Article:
Offensive Coordinator Marc Trestman
What have you seen from RB Javorius Allen, and if he has to start, how confident do you feel he can take care of that? (Ryan Mink) "No. 1, we have a lot of confidence in 'Buck' [Javorius Allen]. We've seen him grow in the classroom, and certainly, on the field over the last month-and-a-half. He's running the ball better in terms of how he's finishing and seeing the holes, taking the opportunities to make plays when he gets a chance to do that. We've seen his pass protection improve, and his entire focus. He is taking the opportunity to seize the moment with the opportunities that he has had."
What do you think it says about WR Steve Smith Sr., who had some broken bones in his back on Oct. 1, and he's out here practicing after a couple days? (Jamison Hensley) "Somebody once said, 'It's not how you feel; it's how you look,' and right now, [Steve Smith Sr.] looks like he wants to play and work and practice. That's a good sign, and it's a testament to his career and what he has accomplished. His level of durability is really second to none."
Marc, were you pleased with what you saw from WR Jeremy Ross as a receiver? [He played] just a handful of snaps, but had two receptions. Do you envision, maybe, expanding his role a little bit? (Luke Jones) "I think that we've seen him work in practice. He has picked up the offense very quickly. He has great football intelligence. He really did make the most of the opportunities that he has had and that he did have during the game. That would signal us giving him more opportunities if and when that happens. Steve [Smith Sr.] will be back – and hopefully, he'll get most of the playing time – but Jeremy is involved, and he'll be a part of our game plan on Sunday."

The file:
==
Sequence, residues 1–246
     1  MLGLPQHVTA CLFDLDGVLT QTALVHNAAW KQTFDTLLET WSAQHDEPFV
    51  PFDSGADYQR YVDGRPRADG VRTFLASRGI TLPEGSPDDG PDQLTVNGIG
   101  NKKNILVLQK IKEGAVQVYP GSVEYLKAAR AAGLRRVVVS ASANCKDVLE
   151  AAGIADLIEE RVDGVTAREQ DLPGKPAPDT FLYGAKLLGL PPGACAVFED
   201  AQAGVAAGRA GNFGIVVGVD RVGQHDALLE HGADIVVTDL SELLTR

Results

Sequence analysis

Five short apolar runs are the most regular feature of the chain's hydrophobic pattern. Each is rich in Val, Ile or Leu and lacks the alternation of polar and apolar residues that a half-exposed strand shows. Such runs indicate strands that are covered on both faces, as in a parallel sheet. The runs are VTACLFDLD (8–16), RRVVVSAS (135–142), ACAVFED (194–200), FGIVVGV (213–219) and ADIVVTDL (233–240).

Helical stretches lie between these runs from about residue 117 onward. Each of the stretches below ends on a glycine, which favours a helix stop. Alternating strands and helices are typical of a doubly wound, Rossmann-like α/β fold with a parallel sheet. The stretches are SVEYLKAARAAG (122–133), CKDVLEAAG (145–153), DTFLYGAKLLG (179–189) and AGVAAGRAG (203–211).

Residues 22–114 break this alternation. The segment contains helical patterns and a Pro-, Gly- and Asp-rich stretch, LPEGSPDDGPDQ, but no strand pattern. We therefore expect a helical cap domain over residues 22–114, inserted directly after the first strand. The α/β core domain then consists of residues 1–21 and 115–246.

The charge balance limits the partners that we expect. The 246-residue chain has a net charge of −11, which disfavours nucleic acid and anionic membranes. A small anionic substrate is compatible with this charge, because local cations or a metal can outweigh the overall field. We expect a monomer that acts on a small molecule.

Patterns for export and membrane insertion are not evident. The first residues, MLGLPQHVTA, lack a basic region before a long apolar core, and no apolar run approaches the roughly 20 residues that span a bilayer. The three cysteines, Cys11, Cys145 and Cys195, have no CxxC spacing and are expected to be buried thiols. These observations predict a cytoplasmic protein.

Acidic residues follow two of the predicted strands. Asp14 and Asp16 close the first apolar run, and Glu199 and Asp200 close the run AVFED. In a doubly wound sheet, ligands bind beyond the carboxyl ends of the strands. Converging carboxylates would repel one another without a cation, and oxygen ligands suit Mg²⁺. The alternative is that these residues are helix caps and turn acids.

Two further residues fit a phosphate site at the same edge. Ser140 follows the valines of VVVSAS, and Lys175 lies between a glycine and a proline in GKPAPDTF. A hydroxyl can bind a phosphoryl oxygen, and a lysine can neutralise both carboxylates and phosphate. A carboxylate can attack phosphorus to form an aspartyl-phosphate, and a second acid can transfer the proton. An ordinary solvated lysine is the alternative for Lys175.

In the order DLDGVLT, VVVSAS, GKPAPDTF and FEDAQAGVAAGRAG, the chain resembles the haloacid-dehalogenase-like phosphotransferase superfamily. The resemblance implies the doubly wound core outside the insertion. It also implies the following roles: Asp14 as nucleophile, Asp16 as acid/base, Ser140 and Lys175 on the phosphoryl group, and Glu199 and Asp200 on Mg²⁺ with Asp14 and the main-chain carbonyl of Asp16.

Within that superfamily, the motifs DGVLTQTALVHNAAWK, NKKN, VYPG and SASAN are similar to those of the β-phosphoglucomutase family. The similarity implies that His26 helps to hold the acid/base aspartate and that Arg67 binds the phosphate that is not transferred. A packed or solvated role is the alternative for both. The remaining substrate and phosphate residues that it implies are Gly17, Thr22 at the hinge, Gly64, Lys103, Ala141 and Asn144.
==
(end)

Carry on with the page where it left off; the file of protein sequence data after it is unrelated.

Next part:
TE Nick Boyle got more snaps than TE Maxx Williams in this last game against the Browns. Why is that, and do you see that continuing going forward? (Ryan Mink) "I think that at that point [last week], Nick [Boyle] gives us a little more girth. Maxx [Williams] has really played off the line of scrimmage all of his college career, where Nick has played on the line of scrimmage. With Crockett [Gillmore] being out, Nick had to take on some of that role. [The] two of them have done a good job. They've done an excellent job of blocking. And when they've had opportunities to get their hands on the football, it has been a positive thing for all of us. That's probably one of the reasons why his reps went up during the course of the game."